A company best known in the United States for stock car racing has reportedly joined British defence contractor BAE Systems to produce global tactical response vehicles based on the Jeep Wrangler.
Jeep itself might be trotting out new concepts for its annual safari in Utah (pictured further down the page), but Henrick Dynamics, a subsidiary of NASCAR contributor Henrick Motorsports, is building toughened Rubicon Wranglers for tactical military and civilian use.
They come at a time when the US Army has asked defence suppliers for a lightweight, inexpensive, all-terrain vehicle that can be airlifted more easily into remote areas than the bigger Humvee or Oshkosh’s Light Armored Tactical Vehicle (L-ATV).
Enter South Carolina-based Hendrick Dynamics with the modified Wranglers – the two-door Commando 2, four-door Commando 4, and the Commando S, a pick-up based on the Unlimited and with the cargo bed strengthened to carry a payload of 1500kg .
The idea behind the Commando was to create a tactical vehicle based on the mass-produced Wrangler Unlimited platform. Jeep’s global aftermarket support also allowed Hendrick Dynamics to check off important US government requirements: low cost, increased safety, and the US military’s one-fuel rule.
The rule requires all military vehicles to run on JP-8 fuel, roughly a cross between kerosene and diesel. Therefore Jeep’s Pentastar petrol V6 engine has been ditched in favour of the Italian VM Motori 2.8-litre diesel, a 147kW/455Nm unit modified to run on JP-8.
The Commandos also get robust military-style steel bumpers and Kevlar-reinforced tyres. Options include machine-gun mounts infra-red headlights and tail-lights.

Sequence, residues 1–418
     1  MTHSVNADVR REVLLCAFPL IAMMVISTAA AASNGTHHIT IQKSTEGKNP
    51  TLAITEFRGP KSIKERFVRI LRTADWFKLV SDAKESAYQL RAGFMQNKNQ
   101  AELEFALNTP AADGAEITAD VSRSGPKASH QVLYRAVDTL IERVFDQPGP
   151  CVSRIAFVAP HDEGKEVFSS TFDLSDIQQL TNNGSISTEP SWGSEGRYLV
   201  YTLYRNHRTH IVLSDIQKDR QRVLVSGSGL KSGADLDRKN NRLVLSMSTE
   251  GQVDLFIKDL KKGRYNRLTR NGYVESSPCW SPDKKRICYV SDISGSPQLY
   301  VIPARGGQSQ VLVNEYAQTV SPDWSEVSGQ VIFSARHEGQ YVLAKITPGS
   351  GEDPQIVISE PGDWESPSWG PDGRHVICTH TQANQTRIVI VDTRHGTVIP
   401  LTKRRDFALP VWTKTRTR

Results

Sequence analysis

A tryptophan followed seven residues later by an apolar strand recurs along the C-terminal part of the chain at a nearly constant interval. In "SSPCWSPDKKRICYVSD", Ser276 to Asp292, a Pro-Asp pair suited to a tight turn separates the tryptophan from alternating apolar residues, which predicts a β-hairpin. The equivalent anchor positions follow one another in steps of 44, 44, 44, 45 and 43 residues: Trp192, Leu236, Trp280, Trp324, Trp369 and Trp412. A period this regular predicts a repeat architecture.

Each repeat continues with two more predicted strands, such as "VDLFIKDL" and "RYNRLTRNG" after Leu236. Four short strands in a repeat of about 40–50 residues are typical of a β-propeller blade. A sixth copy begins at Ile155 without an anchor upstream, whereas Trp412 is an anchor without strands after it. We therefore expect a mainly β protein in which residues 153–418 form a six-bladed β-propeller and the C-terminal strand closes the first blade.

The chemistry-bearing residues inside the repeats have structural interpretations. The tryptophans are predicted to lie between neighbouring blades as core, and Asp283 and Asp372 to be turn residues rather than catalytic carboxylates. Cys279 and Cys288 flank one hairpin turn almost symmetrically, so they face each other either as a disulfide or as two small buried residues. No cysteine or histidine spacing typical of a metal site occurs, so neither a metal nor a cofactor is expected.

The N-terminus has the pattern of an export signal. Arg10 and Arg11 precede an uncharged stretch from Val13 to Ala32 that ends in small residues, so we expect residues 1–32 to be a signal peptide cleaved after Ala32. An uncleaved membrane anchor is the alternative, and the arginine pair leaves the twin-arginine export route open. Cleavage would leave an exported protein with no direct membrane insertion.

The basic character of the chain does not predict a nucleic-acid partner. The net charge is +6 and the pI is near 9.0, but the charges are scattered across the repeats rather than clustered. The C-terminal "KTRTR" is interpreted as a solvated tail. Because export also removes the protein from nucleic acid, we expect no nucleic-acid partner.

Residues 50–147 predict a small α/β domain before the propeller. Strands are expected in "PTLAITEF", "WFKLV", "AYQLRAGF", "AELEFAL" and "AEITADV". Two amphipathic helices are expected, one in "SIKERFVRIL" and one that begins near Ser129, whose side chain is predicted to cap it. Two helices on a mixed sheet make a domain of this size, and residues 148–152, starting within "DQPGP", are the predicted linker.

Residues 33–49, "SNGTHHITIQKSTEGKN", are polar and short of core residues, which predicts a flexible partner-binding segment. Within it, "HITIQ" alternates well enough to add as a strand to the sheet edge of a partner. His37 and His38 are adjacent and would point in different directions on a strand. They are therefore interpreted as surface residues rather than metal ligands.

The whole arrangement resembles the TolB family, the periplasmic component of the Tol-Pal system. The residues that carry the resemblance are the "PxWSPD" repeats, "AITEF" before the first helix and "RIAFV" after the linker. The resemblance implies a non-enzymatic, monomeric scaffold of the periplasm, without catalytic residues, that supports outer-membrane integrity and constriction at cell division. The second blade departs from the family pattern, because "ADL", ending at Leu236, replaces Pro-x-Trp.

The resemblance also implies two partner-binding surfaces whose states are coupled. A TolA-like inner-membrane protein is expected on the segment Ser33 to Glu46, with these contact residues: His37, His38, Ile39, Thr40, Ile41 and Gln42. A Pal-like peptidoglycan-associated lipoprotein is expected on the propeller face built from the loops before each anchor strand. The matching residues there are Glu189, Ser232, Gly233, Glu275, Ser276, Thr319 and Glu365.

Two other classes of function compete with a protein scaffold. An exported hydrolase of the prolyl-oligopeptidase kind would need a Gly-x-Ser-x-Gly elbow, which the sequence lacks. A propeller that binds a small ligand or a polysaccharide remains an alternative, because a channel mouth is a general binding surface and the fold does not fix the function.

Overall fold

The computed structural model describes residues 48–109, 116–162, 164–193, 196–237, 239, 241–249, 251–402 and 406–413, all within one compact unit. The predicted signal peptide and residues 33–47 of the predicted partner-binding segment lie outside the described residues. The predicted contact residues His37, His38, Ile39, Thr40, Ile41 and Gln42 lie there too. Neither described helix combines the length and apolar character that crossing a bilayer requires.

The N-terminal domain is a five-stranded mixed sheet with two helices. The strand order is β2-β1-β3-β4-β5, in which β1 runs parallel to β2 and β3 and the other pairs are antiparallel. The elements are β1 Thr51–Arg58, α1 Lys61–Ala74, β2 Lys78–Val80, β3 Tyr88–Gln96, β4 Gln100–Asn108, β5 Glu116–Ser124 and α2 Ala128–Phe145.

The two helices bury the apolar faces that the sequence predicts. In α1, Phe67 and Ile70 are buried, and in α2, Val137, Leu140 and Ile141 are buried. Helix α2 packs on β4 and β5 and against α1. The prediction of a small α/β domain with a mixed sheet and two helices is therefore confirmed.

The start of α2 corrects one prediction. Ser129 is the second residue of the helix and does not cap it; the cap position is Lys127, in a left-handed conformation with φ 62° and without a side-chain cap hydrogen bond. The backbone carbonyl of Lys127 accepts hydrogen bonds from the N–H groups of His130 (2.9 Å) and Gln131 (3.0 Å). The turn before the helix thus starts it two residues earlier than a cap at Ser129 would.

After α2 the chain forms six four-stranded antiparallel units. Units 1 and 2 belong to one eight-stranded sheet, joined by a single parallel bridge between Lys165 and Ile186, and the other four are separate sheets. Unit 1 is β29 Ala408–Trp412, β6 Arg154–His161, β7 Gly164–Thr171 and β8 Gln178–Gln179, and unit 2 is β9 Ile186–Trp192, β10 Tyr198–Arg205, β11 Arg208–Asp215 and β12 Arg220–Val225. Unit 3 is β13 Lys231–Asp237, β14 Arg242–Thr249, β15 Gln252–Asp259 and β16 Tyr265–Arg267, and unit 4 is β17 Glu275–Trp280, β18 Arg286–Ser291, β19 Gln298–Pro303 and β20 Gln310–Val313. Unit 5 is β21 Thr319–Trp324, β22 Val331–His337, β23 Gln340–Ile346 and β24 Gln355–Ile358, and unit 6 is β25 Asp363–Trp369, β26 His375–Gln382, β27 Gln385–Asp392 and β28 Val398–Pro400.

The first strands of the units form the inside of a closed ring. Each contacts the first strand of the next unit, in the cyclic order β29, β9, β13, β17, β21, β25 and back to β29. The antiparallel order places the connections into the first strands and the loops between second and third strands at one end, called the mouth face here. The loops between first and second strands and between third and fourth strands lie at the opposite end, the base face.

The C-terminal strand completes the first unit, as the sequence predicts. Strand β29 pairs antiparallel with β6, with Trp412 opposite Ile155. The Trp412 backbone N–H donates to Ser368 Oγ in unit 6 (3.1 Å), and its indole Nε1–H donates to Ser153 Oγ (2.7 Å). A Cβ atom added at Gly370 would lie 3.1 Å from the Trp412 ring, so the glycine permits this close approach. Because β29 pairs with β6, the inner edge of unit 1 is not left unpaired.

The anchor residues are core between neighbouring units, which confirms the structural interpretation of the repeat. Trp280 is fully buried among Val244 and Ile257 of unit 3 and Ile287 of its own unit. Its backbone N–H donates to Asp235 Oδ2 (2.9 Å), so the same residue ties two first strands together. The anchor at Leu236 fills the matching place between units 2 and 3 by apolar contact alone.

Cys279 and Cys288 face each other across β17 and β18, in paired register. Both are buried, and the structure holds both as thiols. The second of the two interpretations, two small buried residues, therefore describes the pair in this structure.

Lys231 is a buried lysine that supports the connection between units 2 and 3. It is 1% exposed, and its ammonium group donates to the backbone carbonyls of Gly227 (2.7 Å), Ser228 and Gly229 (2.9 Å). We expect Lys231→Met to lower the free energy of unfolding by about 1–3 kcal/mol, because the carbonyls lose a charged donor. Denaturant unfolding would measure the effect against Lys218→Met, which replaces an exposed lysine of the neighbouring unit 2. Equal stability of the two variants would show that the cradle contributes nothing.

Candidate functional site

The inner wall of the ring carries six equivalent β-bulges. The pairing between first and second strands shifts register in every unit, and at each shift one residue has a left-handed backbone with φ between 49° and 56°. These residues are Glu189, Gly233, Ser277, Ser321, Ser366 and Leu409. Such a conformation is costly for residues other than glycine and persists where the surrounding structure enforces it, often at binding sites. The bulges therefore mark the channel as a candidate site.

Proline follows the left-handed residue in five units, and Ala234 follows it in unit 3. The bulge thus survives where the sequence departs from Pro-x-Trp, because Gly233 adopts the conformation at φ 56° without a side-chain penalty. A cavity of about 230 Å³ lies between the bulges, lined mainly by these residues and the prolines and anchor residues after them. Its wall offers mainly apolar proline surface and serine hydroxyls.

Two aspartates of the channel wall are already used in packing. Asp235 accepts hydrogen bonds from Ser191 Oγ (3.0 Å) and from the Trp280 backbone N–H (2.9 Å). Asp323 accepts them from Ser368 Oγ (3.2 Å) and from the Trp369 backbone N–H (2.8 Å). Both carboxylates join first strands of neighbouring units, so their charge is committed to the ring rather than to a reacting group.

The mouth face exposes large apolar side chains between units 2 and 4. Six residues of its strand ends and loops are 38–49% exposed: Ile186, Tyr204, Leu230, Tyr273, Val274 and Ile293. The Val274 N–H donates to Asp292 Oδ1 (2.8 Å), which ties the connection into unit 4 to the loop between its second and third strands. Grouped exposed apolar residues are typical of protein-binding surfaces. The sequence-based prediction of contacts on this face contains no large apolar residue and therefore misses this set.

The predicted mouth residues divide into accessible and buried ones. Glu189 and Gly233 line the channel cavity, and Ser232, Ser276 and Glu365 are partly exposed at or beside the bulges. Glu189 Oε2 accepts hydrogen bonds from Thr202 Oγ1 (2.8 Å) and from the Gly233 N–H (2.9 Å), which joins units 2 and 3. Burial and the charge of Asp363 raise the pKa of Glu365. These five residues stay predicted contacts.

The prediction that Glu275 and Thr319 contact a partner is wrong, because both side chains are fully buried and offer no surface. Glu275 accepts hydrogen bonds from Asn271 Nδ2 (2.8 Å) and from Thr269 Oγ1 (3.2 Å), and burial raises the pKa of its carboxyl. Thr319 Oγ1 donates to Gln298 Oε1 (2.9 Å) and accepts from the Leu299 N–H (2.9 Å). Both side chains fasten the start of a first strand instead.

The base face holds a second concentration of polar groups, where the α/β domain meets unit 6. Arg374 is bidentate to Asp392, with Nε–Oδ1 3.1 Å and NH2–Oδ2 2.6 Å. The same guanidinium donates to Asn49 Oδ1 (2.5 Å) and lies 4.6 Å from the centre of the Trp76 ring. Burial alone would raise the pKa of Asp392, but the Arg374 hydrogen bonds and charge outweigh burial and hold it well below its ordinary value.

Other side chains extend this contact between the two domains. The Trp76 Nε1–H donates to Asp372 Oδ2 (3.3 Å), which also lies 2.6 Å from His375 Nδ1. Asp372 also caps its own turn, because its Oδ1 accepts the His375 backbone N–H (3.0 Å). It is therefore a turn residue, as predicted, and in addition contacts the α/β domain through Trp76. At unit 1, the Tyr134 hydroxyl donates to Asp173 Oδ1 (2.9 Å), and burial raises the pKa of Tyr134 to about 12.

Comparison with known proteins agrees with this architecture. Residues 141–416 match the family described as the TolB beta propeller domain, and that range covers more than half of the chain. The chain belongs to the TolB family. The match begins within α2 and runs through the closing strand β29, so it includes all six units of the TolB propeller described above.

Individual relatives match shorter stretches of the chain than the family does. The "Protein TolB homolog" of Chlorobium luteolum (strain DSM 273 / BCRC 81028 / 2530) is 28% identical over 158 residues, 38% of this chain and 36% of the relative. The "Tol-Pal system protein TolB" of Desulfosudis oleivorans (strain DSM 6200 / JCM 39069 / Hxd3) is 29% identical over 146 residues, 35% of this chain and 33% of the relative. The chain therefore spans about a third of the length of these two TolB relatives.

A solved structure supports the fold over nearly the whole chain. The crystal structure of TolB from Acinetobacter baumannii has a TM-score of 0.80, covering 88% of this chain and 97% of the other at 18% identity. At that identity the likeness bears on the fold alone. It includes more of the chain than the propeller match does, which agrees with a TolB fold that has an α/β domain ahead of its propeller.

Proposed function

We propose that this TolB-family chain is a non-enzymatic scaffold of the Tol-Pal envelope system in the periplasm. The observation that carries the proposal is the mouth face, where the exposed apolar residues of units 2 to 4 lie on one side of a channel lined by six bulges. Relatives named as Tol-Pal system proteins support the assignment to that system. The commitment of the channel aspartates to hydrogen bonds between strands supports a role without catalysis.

Meanwhile, Jeep itself heads to its annual Easter safari outing in Moab, Utah, with seven concepts (three pictured below) built to celebrate two milestones: Jeep’s 75th birthday and the safari’s 50th.
Jeep Trailcat: Described as the ‘ultimate off-road machine’, it uses a supercharged 6.2-litre Hemi Hellcat V8 delivering 525kW/880Nm and mated to a six-speed manual ‘box. Engineers had to stretch the wheelbase by 30cm to squeeze the engine in under the bonnet. They also chopped 5cm of the windscreen for a sleeker look. Trailcat gets front and rear Dana 60 axles, Fox shocks, 17-inch beadlock wheels and 39.5-inch tyres. Inside are bucket seats from the Dodge Viper.
Jeep Crew Chief 715: A salute to Jeep military vehicles, in particular the Kaiser M715 of 1965. It is based on the four-door Wrangler chassis, gets a 10cm lift kit, Dana 60 front and rear axles, and sits on 20-inch beadlock wheels and 40-inch military tyres. Front and rear bumpers are steel. The cargo bed is 1.5m long. Inside is a large compass mounted high on the centre console. Engine is a 3.6-litre Pentastar V6 mated to a five-speed auto.
Jeep Shortcut: A take on the Jeep CJ-5 of the 1950s and ‘60s and based on a 30cm-shorter Wrangler chassis. It gets a 5cm lift kit, front and rear Dana 44 axles with Fox shocks, rides on 17-inch steel wheels and 35-inch tyres, and runs the five-speed Pentastar drivetrain. Exterior styling cues include a unique grille, bonnet, tailgate, front and rear wheel flares and custom chrome front and rear bumpers.